Reaching out to passengers through their mobile phones as a means of both improving their journey and boosting ancillary revenues is a top priority when it comes to information technology spend, according to the latest SITA/Airline Business IT Trends Survey.
Leveraging mobile technology to stay in touch with passengers throughout every touch point of the passenger experience is an area in which 66% of airlines are planning to invest heavily over the next three years, with a further 32% aiming to carry out pilot tests of one kind or another.
“We’ve been asking airlines continuously for a couple of years now about their plans for services related to the passenger journey and what they’re planning to implement over the next couple of years. Mobile technology is topping the investment list,” Thomas Knierim, senior analyst IT trends at SITA, tells the APEX Editor’s Blog.
Mobile services for passengers can be divided into two main tiers, the first being a straight replica of services offered on an airline’s website such as check-in and the ability to search and book flights, says Knierim. “About 50% of airlines offer this,” he notes, adding that passengers are “starting to expect this” from carriers.
The second, and more evolving, tier involves using mobile technology to stay in touch with passengers throughout their journey and interact with them on a more personal level, as Knierim explains: “Airlines are now looking for a deeper integration into the passenger’s journey, and they’re asking ‘what can we offer the passenger that helps them along their journey which is unique to mobiles?’”
This can include functions enabling communication with passengers about missing bags or connecting flights, but the list of other possible interactions is long. “Every stage of the journey where there is a need for information is starting to appear on the mobile phone,” says Knierim.
However, one downside of increasing interaction with passengers via their mobile devices is that touch points “where the passenger actually speaks to someone” start to become less and less common. “This might be a reason why airlines are pushing to provide cabin crew with tablets,” says Knierim, pointing out that more than 75% of airlines in the survey plan to deploy tablets in the cabin to enhance customer service by 2016.
“By using tablets in the cabin, staff can access the airline’s customer relationship data to tailor their service to the individual, as well as capture and resolve issues,” says the survey.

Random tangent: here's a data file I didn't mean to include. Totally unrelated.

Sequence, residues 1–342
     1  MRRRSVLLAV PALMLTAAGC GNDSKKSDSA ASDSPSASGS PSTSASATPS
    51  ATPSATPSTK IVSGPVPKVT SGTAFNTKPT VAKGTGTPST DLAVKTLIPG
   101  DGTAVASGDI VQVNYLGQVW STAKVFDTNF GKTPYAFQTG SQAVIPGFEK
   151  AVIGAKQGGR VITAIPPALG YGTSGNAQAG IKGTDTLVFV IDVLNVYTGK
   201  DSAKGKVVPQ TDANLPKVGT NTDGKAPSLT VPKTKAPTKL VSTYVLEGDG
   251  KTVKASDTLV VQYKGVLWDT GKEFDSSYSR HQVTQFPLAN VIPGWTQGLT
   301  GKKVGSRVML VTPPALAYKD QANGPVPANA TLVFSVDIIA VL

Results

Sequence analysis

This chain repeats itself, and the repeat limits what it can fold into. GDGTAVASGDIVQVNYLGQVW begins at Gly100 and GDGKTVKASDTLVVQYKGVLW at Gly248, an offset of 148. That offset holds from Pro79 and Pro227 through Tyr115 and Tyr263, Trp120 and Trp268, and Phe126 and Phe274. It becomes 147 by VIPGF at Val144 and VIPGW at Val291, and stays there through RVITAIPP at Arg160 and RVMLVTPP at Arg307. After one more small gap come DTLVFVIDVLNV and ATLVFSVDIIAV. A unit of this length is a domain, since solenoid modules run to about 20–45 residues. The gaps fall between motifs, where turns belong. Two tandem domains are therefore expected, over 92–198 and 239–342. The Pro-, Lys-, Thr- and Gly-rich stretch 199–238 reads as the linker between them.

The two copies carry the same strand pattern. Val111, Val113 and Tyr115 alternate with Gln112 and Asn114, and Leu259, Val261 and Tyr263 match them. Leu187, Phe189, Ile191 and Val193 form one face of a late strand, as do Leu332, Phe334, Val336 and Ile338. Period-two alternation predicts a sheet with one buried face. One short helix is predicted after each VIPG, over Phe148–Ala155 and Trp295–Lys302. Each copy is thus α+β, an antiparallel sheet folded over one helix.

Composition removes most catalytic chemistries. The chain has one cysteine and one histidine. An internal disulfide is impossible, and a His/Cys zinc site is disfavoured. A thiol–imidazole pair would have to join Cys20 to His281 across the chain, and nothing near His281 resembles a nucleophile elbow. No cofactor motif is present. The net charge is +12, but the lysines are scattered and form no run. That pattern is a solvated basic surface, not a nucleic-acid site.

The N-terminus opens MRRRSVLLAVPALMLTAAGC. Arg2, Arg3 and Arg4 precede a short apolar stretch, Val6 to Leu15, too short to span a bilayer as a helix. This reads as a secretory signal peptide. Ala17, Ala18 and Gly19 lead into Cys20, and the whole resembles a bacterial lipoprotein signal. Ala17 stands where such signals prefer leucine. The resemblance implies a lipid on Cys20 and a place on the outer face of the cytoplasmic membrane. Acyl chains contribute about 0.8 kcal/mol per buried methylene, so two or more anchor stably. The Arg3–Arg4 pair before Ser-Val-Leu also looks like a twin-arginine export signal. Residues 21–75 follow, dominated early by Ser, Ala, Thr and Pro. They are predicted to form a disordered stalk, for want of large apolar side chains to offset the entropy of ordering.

Another key area, and one which remains relatively untapped as yet, is the potential for airlines to drive ancillary revenues by selling products and services to passengers through their mobile phones. Passengers are well-accustomed to being asked after booking a flight online whether they would like to also book a hotel room or a rental car but, as Knierim points out, this is not always the right time to market these add-ons.
“The advantage to a mobile offering is that you can offer these services at a time when the passenger is interested in them,” he says, noting that when a passenger is on their way to the airport can be an opportune moment to market additional products and services. As it stands, less than 2% of ancillary sales are made through mobile phones, but airlines in the survey said they expect this figure to rise to as much as 10% by 2016.
“Not many airlines currently offer the capability to sell car rentals etc through a mobile phone – only about 10% – but all have massive plans to offer this to passengers. About 85% of airlines, depending on the type of service, plan to offer these additional services through mobile phones,” says Knierim.
The survey also examined airlines’ use of social media and produced disappointing results on the ticket sale front. According to the survey, “social media as an alternative sales channel remains behind expectations with only 1.6% of ticket sales generated this way, despite 22% of airlines having invested in social media-embedded apps for ticketing”.
Knierim believes that social media remains “a fantastic medium to reach passengers” and interact with people, but the ability to sell airline tickets through social media websites such as Facebook is “not happening as fast as expected”.
Taking these findings on board, the survey concludes that “non-sales activities, such as marketing and customer service, offer the most beneficial use of this channel”.
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